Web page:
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Photo by Jody Lewis for Guns & Tactics Magazine

Meet the Kel-Tec PMR-30

Jody Lewis shares his experience with Kel-Tec’s 30-Round .22 Magnum Semi-Automatic pistol.

It is no secret that I’m a Kel-Tec fan boy. It first started when I bought their all-metal rendition of the SUB-2000, dubbed the SUB-9 a few years ago. Kel-Tec is the 3rd largest firearms manufacturer in the U.S. and its Swedish owner and Chief Engineer George Kellgren has a long history of designing truly unique firearms including the Intratec Tec-9.

You don’t have to look at the PMR-30 for very long to realize the amazing design and engineering feat accomplished by Kellgren and Co. They’ve created a small footprint with a hybrid blowback-locked-breech action with a double stack .22.

Photo by Jody Lewis for Guns & Tactics Magazine

Specifications
  • Calibers: .22 Magnum (.22WMR)
  • Weight unloaded: 13.6oz. / 386g
  • Loaded Magazine: 6oz. / 170g
  • Length: 7.9″ / 201mm
  • Height: 5.8″ / 147mm
  • Width: 1.3″ / 33.0mm
  • Barrel length: 4.3″ / 109mm
  • Sight radius: 6.9″ / 175mm
  • Energy (40gr): 138ft-lbs / 187J
  • Capacity: 30 + 1 rounds
  • Trigger pull: 4-6 lbs / 17.8-26.7N
  • MSRP: $415.00
  • Street Price: $600+

The PMR is extremely light at 13.6oz and just over a pound fully loaded with 30-rounds of WMR. The slide and barrel are 4140 steel; chromium, molybdenum, manganese containing low alloy steel. It has high fatigue strength, abrasion and impact resistance, toughness and torsional strength with a melting point 2,580 degrees. 4140 is often used in aircraft where strength and weight are a concern. its also the same material Swiss firearm manufacturer Sphinx uses in its $2,000 custom guns.

The frame is bedded with 7075-T6 aluminum instead of the less expensive 6061. The PMR’s grip, slide cover, trigger, mag release, and safety levers are glass reinforced Nylon (Zytel). The PMR magazine is also Zytel and holds 30-rounds, with round count ports.

Photo by Jody Lewis for Guns & Tactics Magazine

Overall fit and finish of the PMR is outstanding and features a Euro-style heel magazine release, fiber optic front and rear sights, and provisions for mounting an optic such as an RMR. Other features include: dual opposing extractors for reliability, heel magazine release to aid in magazine retention, dovetailed aluminum front sight with fiber-optic insert, Picatinny accessory rail under the barrel, Urethane recoil buffer, captive coaxial recoil springs.

Photo by Jody Lewis for Guns & Tactics Magazine

Range Time

The PMR is super fun to shoot and leaves you with a smile on your face. The loud boom followed by a fireball from the muzzle was surprising and trilling at the same time.

The PMR comes with two magazines and we found one of the magazines supplied with our test gun to have a sticky follower. Upon closer inspection via removal of the baseplate, the follower was getting hung up on the inside of magazine and causing feeding issues. A quick touch with some 400 grit sandpaper to the inside wall took care of the problem and we were back to work shooting. The other magazine supplied functioned without issue and the PMR ate everything we could feed it. We ran a variety of ammo from CCI and Winchester without any issues.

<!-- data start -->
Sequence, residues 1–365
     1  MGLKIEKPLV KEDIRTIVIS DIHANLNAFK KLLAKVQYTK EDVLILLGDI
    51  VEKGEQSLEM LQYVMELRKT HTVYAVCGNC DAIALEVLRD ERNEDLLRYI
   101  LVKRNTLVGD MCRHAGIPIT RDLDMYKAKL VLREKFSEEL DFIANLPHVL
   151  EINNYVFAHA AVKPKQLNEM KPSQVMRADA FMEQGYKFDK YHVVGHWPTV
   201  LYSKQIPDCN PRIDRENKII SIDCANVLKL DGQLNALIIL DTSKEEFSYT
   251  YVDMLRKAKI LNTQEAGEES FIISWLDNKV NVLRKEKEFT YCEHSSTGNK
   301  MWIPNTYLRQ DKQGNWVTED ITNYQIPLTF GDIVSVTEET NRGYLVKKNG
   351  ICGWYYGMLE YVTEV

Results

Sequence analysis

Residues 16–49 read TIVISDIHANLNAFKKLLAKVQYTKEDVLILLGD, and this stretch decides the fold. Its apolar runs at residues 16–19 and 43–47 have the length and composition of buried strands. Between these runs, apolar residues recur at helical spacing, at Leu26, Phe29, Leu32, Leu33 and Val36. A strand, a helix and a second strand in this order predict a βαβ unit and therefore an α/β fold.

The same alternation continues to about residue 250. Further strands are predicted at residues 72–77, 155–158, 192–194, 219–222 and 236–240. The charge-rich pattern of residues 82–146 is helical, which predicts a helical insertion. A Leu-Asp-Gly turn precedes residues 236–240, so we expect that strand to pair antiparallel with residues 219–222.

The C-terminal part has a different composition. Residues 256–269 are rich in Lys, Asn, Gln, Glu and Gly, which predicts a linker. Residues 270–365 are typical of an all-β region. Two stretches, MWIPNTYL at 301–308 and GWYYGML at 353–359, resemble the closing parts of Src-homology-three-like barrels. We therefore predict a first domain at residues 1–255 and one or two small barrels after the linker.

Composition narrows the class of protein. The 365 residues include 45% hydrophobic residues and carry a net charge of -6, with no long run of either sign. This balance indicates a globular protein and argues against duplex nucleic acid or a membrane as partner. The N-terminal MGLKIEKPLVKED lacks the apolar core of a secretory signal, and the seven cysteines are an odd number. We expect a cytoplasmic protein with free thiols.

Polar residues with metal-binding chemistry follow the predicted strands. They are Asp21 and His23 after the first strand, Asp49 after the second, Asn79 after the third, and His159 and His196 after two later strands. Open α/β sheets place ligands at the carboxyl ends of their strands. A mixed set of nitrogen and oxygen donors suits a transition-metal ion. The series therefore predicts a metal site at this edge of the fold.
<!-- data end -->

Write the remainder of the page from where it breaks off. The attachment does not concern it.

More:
Photo by Jody Lewis for Guns & Tactics Magazine

Loading the magazines is very specific and you must follow the directions outlined in the manual or you will experience FTF (Failure to Feed) issues. Kel-Tec suggests load the first 15 or so rounds and then smack the bottom of the magazine on a hard surface after every 1 or 2 additional rounds, which become increasingly hard to push into the mag.

Recoil was similar to that of a .22 LR with minimal muzzle flip.

Photo by Jody Lewis for Guns & Tactics Magazine

The PMR’s trigger came in right around 4-pounds and was very smooth, short and crisp. However, the reset leaves a little to be desired.

We didn’t do any fancy accuracy testing beyond shooting at a 25-yard target. We had no problem putting rounds on the target with a consistent grouping around 3-inches. The 4.3-inch barrel does a good job of stabilizing a 40-grain bullet at speeds up to 1,800 ft/sec.

Kel-Tec has had a few running changes in production since the PMR’s introduction. Most notably is the redesigned barrel to improve feeding reliability. If you have a PMR-30 with the fluted barrel, Kel-Tec will almost certainly ship you a new upgraded barrel at no cost.

Photo by Jody Lewis for Guns & Tactics Magazine

The stock sights are good and certainly very easy to pick up in most situations. I wouldn’t mind upgrading them or trying an RMR on this bad boy, just to say I did it.

The PMR-30 quick and easy to disassemble for cleaning with the removal of a single pin.

Conclusion

The Kel-Tec PMR-30 is everything that I had hoped it would be. Its lightweight, reliable, accurate, easy to shoot, and priced at about half the cost of its closest competition.

Photo by Jody Lewis for Guns & Tactics Magazine

I often hear the complaint that Kel-Tec’s are hard to find and way above the advertised MSRP. But, I can tell you from my conversations with Kel-Tec that they’re cranking out thousands, not hundreds of these each month. Keep your eyes open and don’t pay stupid prices. Aside from the magazine flaw, the only thing I would wish different is the availability of ammo, which of course is not going to happen anytime soon.

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